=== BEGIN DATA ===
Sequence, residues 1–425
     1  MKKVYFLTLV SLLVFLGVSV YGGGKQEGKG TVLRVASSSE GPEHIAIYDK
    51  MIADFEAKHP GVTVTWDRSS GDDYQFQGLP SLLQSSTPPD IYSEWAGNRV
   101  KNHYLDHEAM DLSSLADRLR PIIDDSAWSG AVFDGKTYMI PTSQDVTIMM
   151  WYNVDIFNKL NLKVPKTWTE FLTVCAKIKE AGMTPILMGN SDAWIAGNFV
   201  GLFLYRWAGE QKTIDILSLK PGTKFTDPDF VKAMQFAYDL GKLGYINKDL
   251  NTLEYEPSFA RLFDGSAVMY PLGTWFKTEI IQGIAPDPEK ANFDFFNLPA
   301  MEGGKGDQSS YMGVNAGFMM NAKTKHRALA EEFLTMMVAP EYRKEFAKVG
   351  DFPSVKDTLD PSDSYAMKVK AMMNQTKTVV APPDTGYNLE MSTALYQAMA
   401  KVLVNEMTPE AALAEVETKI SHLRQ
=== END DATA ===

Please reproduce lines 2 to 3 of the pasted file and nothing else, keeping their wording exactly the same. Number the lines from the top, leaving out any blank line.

     1  MKKVYFLTLV SLLVFLGVSV YGGGKQEGKG TVLRVASSSE GPEHIAIYDK
    51  MIADFEAKHP GVTVTWDRSS GDDYQFQGLP SLLQSSTPPD IYSEWAGNRV